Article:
One-Sentence Takeaway: The Fourth Amendment protects people, not places, and, therefore, its prohibition against unreasonable searches and seizures applies to all places (even those accessible by the public) where the person has a “reasonable expectation of privacy.”
Katz was convicted in a federal court for transmitting wagering information via telephone across state lines. The evidence against Katz included telephone recordings obtained by the FBI agents by placing an electronic listening device on the outside of the enclosed telephone booth used by Katz. During his trial, Katz moved to suppress this evidence, but the trial court overruled his objection. The court of appeals affirmed the trial court’s ruling by reasoning that the Fourth Amendment was not implicated because there was no “physical entrance into the area occupied.”
The issue presented to the U.S. Supreme Court was whether the Fourth Amendment was violated where the law enforcement officials placed an electronic listening recording device to the top of a public telephone booth without a warrant.
In a 7-1 opinion, the Court ruled that Katz’s Fourth Amendment rights against unreasonable searches and seizures were violated and a physical trespass by the law enforcement officers was not required to implicate the protections of the Amendment.
The Court reasoned that, “Fourth Amendment protects people, not places [and what] a person knowingly exposes to the public, even in his own home or office, is not a subject of Fourth Amendment protection [while] what he seeks to preserve as private, even in an area accessible to the public, may be constitutionally protected.” Id. at 351-352 (emphasis added). Thus, the Court held that any form of electronic surveillance such as wiretapping that violates a person’s reasonable expectation of privacy constitutes a search under the Fourth Amendment, even if no actual physical trespass took place.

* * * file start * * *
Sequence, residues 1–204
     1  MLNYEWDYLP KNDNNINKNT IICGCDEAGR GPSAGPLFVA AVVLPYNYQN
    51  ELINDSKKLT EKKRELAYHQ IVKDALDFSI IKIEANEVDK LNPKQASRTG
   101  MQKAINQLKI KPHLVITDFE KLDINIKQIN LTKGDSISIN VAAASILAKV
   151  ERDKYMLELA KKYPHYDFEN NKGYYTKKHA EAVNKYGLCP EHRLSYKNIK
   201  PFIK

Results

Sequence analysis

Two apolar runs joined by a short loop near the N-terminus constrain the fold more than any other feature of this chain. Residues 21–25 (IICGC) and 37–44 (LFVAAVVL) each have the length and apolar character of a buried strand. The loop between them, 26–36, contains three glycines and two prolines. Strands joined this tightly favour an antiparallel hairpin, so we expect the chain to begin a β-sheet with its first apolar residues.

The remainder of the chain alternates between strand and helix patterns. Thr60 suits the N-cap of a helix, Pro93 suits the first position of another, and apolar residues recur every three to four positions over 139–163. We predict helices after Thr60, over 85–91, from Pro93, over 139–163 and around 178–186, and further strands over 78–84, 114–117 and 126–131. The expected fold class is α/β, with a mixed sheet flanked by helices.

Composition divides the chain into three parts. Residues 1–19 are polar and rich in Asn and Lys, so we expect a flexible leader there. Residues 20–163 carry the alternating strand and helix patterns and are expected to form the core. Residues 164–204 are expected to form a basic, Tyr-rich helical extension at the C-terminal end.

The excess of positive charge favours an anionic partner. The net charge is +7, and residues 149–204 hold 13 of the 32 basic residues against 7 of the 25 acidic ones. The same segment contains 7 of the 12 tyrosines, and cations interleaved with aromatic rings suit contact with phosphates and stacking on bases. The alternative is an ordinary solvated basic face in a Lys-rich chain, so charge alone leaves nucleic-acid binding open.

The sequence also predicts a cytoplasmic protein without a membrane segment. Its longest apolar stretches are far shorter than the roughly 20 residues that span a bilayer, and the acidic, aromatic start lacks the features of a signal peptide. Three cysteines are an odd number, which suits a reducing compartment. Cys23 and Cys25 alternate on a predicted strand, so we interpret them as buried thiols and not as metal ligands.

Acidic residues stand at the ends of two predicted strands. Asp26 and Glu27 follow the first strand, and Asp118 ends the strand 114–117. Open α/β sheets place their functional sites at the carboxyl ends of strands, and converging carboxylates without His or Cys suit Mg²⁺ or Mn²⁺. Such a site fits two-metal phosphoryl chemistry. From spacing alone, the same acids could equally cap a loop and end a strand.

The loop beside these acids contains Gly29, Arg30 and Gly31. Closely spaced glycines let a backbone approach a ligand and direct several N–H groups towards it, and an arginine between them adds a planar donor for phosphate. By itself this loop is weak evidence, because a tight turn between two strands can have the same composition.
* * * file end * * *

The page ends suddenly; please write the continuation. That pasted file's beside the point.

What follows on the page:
By so holding, the Court overruled its decision in Olmstead v. United States, 277 U.S. 438 (1928) that Fourth Amendment is not violated unless there is some trespass into a “constitutionally protected area.”
After Katz, the inquiry into whether a search is covered under the Fourth Amendment involves determining whether the person searched had a reasonable expectation of privacy in the area where, and at the time, he/she was searched.
Supreme Court Syllabus:
Petitioner was convicted under an indictment charging him with transmitting wagering information by telephone across state lines in violation of 18 U.S.C. § 1084. Evidence of petitioner’s end of the conversations, overheard by FBI agents who had attached an electronic listening and recording device to the outside of the telephone booth from which the calls were made, was introduced at the trial. The Court of Appeals affirmed the conviction, finding that there was no Fourth Amendment violation, since there was “no physical entrance into the area occupied by” petitioner.
1. The Government’s eavesdropping activities violated the privacy upon which petitioner justifiably relied while using the telephone booth, and thus constituted a “search and seizure” within the meaning of the Fourth Amendment. Pp. 389 U. S. 350-353.
(a) The Fourth Amendment governs not only the seizure of tangible items, but extends as well to the recording of oral statements. Silverman v. United States, 365 U. S. 505, 365 U. S. 511. P. 389 U. S. 353.
(b) Because the Fourth Amendment protects people, rather than places, its reach cannot turn on the presence or absence of a physical intrusion into any given enclosure. The “trespass” doctrine of Olmstead v. United States, 277 U. S. 438, and Goldman v. United States, 316 U. S. 129, is no longer controlling. Pp. 389 U. S. 351, 389 U. S. 353.
2. Although the surveillance in this case may have been so narrowly circumscribed that it could constitutionally have been authorized in advance, it was not in fact conducted pursuant to the warrant procedure which is a constitutional precondition of such electronic surveillance. Pp. 389 U. S. 354-359.
369 F.2d 130, reversed.